• Lena said:


      Thank you for your thoughts here.
      I like your “I make a concerted effort to not think beyond the here and now with him.”
      What do you think about the situation, when it Is time to decide the future plans?
      I am in this type of situation right now. My man is moving several states away from the town, where we were dating each other for a year.
      I asked him to talk with me about his adjusting location and how we can handle the long distance. He agreed with that. But can I be really “not thinking beyond the here and now with him”? How to get into this state of mind or state of heart not to think or not to feel beyond?
      Any advise from you?

      • Colleen said:

        Hi Lena
        Do you know one of the most common mistakes we as women make? And, it’s due to past instilled lessons and beliefs…
        We tend to leave the “leading” to our men.
        We make the mistake of placing “leading” and “chasing” (hunter) in the same basket, defining it as the same thing.

        We fear “suggesting” something or rather stating what we want, as being forceful or taking on the hunter role that as young girls we were told we were to leave to men, as it’s their role. Which places us women in this place of limbo, when they’re not “suggesting” or making clear definite decisions about where the relationship is heading or where it should be. We’re left feeling they don’t care enough for us, because they did not state clearly enough what the relationship is, or rather what it means to them.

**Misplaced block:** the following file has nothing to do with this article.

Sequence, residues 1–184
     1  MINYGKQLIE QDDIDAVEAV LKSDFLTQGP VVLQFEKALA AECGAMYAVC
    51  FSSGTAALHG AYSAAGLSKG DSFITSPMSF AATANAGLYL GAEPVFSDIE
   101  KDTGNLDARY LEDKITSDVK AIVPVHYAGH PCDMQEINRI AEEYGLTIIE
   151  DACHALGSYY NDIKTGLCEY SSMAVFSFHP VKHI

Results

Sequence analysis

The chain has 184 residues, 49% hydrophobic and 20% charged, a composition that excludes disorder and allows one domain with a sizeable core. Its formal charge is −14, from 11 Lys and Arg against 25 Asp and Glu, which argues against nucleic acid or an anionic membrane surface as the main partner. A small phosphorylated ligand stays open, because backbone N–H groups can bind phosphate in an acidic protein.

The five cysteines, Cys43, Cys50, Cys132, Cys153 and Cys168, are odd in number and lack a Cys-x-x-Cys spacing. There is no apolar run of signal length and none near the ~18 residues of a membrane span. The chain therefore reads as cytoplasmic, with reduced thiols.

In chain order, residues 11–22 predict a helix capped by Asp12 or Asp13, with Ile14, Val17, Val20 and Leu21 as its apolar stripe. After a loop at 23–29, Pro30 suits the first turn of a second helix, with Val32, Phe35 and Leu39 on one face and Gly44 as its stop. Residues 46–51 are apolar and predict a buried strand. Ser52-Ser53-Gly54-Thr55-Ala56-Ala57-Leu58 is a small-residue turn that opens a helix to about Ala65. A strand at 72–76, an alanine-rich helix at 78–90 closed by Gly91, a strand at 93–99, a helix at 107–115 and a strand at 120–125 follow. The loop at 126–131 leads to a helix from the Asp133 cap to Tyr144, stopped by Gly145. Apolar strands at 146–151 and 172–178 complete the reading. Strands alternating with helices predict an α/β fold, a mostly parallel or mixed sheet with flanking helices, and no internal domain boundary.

The thing is Lena, if you love your man, if you’re wanting a committed relationship from him, even if he is moving out of state, have you clearly stated this to him?
        If your relationship for the last year, has been a good one, with a solid foundation of mutual respect, honesty and loyalty, to state what you’re feeling, what you want and certain aspirations you have for seeing your relationship to a fruitful, fulfilling partnership should be of no issue.

        In fact, you will more than likely find your man is expecting this from you. Men need to know we love them too, not just words of love, but with actions and shows of your own value and worth. When a man is shown how you value yourself, his true colors come to light very quickly. Just because he is a man, it doesn’t mean he has all the answers or even knows the right direction. He needs to feel he is in a relationship too.
        The way to show him this, is to share your own feelings, fears and wants. If you’re expecting him to share with you, you have to do the same. Not just blindly follow and hope for the best.

        If you’re planning on continuing a long distant relationship for a time, ensure you both agree it’s what you both want. Place some boundaries, for example, you will set a time aside each evening to chat. Then there will be real time visits, how often will they happen? What are the cost implications?